They cross the Gobi Desert with little food and no water, relying on a few oases and muddy cracks in the land. The woman who joined up with them dies first, flopping headfirst over from sunstroke. Another prisoner follows not too long after. They begin to eat snake. Finally the landscape changes again, they head through China and make their way into Tibet, relying on the hospitality of anyone they run into. The group speaks a hodgepodge of languages: Russian, German, Polish, French, English, but they’re able to communicate with Tibetans by gestures and bowing. The group is self-sufficient, making their own shoes and jackets, uncoiling wire they find trashed in the desert which then helps them climb Himalayan mountain passes. When they reach India, they are safe, recuperating under British Army care.
I loathe adventure stories where the author inserts himself as a character. Adams is particularly bad at this, the whinging out of shape hiker on the Incan trail, but he’s oh so clever. He meets the ex-president of Peru and his wife at a Barnes & Noble cafe (RIP), who insists he take a muffin for the road. Really, Mark? Leave these awful details out, my friend, focus on the good bits that don’t involve you.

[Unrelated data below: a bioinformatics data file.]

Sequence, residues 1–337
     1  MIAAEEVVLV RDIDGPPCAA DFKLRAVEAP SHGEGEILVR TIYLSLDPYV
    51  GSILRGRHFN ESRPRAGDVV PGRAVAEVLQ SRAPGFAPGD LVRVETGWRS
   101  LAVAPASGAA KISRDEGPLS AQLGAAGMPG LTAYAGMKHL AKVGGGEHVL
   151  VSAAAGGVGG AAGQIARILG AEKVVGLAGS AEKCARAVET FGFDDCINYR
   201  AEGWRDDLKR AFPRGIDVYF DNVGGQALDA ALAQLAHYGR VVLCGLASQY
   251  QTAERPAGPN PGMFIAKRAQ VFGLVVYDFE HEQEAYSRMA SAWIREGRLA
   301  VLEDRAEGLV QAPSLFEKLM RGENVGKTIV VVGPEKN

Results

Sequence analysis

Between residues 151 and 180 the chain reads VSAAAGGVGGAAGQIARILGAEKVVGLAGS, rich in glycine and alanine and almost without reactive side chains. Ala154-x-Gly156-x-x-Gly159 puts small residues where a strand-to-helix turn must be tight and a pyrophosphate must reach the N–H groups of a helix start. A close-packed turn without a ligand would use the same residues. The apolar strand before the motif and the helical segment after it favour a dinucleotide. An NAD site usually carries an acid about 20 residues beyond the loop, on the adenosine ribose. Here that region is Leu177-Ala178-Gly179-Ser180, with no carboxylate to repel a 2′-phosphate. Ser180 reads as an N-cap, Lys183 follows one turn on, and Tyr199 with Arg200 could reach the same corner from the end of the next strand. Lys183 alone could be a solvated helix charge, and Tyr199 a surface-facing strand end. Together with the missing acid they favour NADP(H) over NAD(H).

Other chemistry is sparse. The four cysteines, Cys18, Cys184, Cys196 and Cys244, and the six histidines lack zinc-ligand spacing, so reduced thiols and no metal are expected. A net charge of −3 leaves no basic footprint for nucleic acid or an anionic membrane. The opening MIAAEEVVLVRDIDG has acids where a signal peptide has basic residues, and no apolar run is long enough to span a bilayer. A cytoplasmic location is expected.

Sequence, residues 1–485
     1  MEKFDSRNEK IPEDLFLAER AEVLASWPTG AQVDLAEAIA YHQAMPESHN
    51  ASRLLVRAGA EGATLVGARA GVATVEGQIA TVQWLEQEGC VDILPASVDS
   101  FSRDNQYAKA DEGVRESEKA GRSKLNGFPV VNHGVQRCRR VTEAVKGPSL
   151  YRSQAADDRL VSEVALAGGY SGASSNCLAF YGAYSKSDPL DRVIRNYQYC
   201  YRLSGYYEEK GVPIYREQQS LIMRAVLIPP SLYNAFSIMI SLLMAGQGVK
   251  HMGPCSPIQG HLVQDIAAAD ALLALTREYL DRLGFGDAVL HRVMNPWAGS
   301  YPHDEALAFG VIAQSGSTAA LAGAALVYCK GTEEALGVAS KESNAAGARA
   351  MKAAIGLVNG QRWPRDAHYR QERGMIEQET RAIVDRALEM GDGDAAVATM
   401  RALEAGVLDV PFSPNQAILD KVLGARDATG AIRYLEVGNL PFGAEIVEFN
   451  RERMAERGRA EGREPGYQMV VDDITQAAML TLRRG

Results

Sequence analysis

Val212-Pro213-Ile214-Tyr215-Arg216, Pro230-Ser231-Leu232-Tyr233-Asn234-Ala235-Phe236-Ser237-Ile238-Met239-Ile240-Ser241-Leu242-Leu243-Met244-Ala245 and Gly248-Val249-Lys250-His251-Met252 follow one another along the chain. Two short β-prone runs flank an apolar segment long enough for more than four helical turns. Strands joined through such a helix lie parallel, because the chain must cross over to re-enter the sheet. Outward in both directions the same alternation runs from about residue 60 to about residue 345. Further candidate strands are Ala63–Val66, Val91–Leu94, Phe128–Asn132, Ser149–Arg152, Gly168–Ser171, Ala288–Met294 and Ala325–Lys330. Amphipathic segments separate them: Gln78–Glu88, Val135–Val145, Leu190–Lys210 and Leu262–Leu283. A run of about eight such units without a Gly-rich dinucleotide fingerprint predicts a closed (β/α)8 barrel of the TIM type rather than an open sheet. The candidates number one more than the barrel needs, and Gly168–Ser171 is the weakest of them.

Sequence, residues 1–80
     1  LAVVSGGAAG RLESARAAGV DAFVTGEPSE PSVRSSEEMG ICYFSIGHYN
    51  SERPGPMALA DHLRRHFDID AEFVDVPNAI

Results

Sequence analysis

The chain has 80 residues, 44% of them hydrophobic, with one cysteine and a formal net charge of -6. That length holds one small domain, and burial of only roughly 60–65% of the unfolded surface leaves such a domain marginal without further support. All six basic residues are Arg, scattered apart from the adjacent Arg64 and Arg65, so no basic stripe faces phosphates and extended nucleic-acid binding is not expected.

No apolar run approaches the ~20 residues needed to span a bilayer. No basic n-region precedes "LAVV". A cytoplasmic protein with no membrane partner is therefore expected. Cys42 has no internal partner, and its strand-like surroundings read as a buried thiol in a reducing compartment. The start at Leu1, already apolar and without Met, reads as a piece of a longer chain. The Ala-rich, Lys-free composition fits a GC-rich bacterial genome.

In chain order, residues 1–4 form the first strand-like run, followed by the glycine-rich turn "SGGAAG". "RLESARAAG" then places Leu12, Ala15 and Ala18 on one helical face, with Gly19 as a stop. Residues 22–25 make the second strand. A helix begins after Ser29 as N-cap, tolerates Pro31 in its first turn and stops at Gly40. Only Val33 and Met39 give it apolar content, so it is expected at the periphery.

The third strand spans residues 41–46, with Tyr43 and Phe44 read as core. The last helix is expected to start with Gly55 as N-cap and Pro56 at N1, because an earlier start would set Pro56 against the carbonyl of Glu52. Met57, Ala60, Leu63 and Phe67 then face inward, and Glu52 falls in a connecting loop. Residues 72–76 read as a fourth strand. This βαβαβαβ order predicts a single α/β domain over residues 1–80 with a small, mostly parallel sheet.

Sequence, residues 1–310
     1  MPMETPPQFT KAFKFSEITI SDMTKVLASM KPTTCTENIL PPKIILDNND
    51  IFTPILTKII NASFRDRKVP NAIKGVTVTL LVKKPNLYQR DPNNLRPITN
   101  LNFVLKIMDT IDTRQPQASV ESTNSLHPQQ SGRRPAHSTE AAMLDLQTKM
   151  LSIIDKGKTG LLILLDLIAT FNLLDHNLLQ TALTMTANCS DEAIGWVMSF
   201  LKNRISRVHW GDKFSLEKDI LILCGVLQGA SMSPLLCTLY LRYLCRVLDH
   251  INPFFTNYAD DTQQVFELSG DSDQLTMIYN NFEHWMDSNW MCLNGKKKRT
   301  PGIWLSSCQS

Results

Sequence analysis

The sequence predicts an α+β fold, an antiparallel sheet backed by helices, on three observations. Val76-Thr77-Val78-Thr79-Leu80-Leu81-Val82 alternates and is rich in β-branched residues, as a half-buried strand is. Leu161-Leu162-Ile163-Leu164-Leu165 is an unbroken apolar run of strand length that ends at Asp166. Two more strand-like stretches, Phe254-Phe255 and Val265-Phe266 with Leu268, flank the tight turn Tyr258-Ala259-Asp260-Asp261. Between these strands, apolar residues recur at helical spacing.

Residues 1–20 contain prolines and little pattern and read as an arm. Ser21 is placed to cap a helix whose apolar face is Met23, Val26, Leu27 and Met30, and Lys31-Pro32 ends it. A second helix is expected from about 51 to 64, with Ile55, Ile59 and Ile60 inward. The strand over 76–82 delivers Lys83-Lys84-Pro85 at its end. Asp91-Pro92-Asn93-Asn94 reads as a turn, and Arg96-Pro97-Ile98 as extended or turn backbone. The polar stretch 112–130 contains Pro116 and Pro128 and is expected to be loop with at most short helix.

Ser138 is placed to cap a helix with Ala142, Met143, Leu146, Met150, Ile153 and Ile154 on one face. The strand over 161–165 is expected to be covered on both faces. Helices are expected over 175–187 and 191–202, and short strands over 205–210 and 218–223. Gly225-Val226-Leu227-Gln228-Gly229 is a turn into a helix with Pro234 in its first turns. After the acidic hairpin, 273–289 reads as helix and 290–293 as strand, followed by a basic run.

The premise is that adventure travel editor Adams will get to go on an excursion of his own, mimicking the “discoverer” Bingham’s route via a month-ish long hike through the Andes, guided by a fearless Aussie and a team of muleteers and cook.
What I learned:
* Machu Picchu and sister sites line up along a solstice-friendly plan thousands of miles apart.
* The “discoverer” Bingham tells a dining audience at the NatGeo society “Buried in the jungle, we found a city called Machu Picchu. That is an awful name, but it is well worth remembering.”
* Bingham was the role model for Indiana Jones (Yale professor, the celestial connection of light flooding in at the perfect moment to illuminate something)
* People are entirely too hurried when they visit the site, even those trekking for days to get there.
* Pizarro was probably the first looter of the site, requiring massive amounts of gold as ransom for Incan emperor Atahualpa in 1532, mobilizing the entire Inca kingdom to collect precious metals (Atahualpa was still killed).
* Tupac Amaru was the last Inca emperor, our contemporary rapper Tupac was named after him.
Great collection of New Yorker articles by Mitchell about New York and its various watery states, from the fish market and Sloppy Louie’s, to the Staten Island oyster and New Jersey shad fishermen. Interviews that stretch for pages with quotes that had to have been crafted by Mitchell himself, the rhythmic cadences of his phrasing giving him away. Fantastic time capsule of 1950s and earlier NYC life. He ends the collection with Rivermen, “As far as I’m concerned, the purpose of life is to stay alive and to keep on staying alive as long as you possibly can.”